TAMPA (WFLA) – In a room filled with photographs, baseballs and Hawaiian shirts all around, Paul Lamison’s family, friends and colleagues past and present celebrated a life well lived that sadly ended too soon.
The longtime WFLA chief photojournalist passed away earlier this month after suffering a heart attack. He was 57 years old.
“Paul was the man and they say only the good die young,” former WFLA anchor Gayle Sierens said. “This is living proof to me.”
WFLA anchor Jennifer Leigh hosted the celebration of Lamison’s life that featured speeches from his wife Nerissa and their three daughters.
“There’s a great history to be recorded here and there are so many memories to just lock away,” Leigh said.
Lamison had a larger than life, joyful personality.
“I don’t recall a time where he ever wasn’t smiling,” said former WFLA news director Dan Bradley.
Lamison also had a passion for his craft that he shared with so many journalists during his nearly 30-year career.
“Paul’s legacy is the impact he that he’s left on Tampa Bay, whether that’s the viewers for WFLA or the hundreds and hundreds of journalists he’s mentored throughout his career,” said former WFLA photojournalist Chris Taylor, who Paul hired in 2022.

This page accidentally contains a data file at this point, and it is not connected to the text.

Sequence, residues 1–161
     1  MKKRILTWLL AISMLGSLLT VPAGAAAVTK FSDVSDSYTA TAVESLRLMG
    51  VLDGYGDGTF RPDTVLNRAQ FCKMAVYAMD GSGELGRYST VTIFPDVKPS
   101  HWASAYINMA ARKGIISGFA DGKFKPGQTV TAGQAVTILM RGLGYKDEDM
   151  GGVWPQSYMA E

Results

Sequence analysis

Lamison’s journey began at WFLA in May 1993.
“He made an immediate impression first of all because he was so stylish with his black socks and Hawaiian shirt,” said Rich Murphy, who was the chief photojournalist when Paul began working at WFLA.
The photojournalists who worked with Lamison over the past three decades all wore Hawaiian shirts at the ceremony.
While shooting and editing thousands of stories over the years, Lamison had the ability to connect with people.
“He was able to capture genuine moments because people felt comfortable with him,” Murphy said, “seeing him as a person with a camera and not a camera person.”
With his famous foot hanging out of the Eagle 8 helicopter, Lamison became WFLA’s trusted eye in the sky.
“He loved being in the chopper,” Sierens said. “That was nirvana for him.”
“He was always a natural in front of the camera, he really was, and what you saw in the Eagle is who he was,” Bradley said.
Bradley added that every newsroom needs someone who can light up the room as Lamison did.
“We do a lot of things that aren’t easy to deal with,” Bradley said. “To have someone like that around to keep your spirit up and remind you that you’re a human being and there’s a whole lot more to life than the story you just came back from covering is so critical to a newsroom’s success.”
Lamison is also remembered as a proud girl dad who cherished the love of his life, Nerissa.
“In my opinion, you live big and you love big and like Paul you be kind to one another,” she said during her remarks.
In case you missed it, you can watch the entire celebration of Lamison’s life here.